Principle Affordance Analysis of what a product does, even if what the product does is unintended. Sorting through the mixed messages presented by a complex product and giving precedent to the product’s obvious features over hidden ones is appropriate and necessary.
Cost Considerations Cost should be considered when evaluating whether a consumer product is primarily intended for children or adults. Very expensive items are less likely to be given to children because children are often less careful with their belongings than adults. CPSC has not specified a price point where any given product achieves automatic adult status.
Children’s Interaction Foreseeable use or misuse of the product by a child must be evaluated. Most products intended for children will involve the child having physical interaction with the product.
Children’s Interaction There are few products for use in a child’s environment, but are not for use by the child. Such products may include a nursery themed lamp, clock or decorations that are made for use in the child’s room, but are not operated or handled by the child. These types of products are considered to be home furnishings or decorations primarily intended for use by adults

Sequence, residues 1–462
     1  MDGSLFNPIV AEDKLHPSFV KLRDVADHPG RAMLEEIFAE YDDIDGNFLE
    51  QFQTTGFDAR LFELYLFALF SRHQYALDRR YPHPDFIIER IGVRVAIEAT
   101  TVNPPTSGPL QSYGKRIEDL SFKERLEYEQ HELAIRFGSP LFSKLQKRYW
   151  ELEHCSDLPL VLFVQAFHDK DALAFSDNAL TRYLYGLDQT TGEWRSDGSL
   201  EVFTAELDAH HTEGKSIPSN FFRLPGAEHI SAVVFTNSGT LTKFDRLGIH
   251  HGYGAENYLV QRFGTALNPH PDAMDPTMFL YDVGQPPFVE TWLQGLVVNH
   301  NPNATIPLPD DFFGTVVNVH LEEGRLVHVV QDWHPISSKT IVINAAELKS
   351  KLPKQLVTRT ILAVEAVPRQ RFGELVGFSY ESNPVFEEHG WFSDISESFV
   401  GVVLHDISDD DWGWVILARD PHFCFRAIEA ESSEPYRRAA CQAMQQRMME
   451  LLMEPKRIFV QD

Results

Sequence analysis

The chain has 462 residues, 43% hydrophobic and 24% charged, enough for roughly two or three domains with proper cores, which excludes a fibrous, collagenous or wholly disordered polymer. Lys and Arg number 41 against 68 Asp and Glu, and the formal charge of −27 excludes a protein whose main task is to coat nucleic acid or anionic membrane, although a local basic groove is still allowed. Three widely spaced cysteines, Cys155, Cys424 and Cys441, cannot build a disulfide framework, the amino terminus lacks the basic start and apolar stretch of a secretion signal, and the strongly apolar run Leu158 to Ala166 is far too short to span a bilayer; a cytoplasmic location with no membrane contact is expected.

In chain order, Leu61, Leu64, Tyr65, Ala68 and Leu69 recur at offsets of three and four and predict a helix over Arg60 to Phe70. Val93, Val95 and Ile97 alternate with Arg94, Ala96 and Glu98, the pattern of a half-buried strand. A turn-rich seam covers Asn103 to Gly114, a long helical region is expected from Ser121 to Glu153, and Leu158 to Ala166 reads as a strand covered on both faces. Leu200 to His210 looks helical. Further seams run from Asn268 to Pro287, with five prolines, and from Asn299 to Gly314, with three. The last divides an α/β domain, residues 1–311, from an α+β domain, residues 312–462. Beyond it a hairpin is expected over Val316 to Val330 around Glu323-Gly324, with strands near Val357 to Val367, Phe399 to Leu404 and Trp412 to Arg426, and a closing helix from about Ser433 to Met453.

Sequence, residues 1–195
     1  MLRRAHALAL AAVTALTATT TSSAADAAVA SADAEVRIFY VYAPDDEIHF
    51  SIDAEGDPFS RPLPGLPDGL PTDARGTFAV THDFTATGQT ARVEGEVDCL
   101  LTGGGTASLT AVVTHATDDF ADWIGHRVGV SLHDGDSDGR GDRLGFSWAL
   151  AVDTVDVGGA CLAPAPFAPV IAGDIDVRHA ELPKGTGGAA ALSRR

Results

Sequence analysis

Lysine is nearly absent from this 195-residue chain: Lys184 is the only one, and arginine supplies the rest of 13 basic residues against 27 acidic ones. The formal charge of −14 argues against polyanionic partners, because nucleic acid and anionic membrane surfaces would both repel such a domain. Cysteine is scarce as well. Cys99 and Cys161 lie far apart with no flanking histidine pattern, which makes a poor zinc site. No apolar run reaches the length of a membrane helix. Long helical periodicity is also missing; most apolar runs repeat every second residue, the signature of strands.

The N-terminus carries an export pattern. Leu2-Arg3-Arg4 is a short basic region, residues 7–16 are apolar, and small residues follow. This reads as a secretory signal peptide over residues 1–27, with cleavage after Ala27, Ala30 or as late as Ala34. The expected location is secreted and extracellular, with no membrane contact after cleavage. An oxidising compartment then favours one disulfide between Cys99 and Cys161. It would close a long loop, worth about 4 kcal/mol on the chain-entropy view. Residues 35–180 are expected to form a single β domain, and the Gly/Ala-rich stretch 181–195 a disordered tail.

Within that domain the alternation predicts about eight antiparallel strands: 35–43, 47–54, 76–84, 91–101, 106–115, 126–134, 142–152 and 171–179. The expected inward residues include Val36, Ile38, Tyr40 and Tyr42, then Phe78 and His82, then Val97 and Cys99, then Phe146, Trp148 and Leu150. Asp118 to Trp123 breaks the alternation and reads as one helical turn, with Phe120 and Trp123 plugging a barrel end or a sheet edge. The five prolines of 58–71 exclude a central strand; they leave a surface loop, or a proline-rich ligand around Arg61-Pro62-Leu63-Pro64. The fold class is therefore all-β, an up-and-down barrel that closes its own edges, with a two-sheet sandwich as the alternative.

Children’s Interaction Home furnishings and decorations that incorporate elements that have play value, should be evaluated. Example: Space Ship Night Light
Children’s Interaction Intended for use by adults or caregivers with children, not considered children’s product. Child has little or no interaction with product.
Age Determination Guidelines Guidelines found at (http://www.cpsc.gov/businfo/adg.pdf) Appeal of product for different age groups Capabilities of various age groups
Other Factors to Consider Size and Shape Materials Used Number of Parts Motor Skills Required Classic Product Colors Cause & Effect Sensory Elements Level of Realism/Detail Licensing/Theme
Size and Shape Dimensions Ability to use properly
Cause & Effect Product response - lights, sounds, movement
Number of Parts Physical ability Cognitive ability
Motor Skills Required Fine motor skills Gross motor skills
Classic Product Maintain appeal over generations
Colors Bright primary colors Natural or dull colors
Sensory Elements Appeal to any of the five senses Lights, sounds, texture, smell, taste
Level of Realism / Detail Cartoonish versus real appearance Child versus adult qualities
Licensing / Theme Ties to outside influences, primarily media, contain a licensing characteristic
Challenging Product Categories Furnishings and Fixtures Collectibles Jewelry DVDs, Video Games and Computers Art Materials Books Science Equipment Sporting Goods and Recreational Equipment Musical Instruments Pens
Furnishings and Fixtures Intended for adult use in the child’s room or classroom, considered general use products not children’s products. Examples: lamps, shelves, tissue boxes etc. Intended for use by the child are considered children’s products. Examples: small bunk beds, small bean bag chairs, bath seats, child size chairs etc.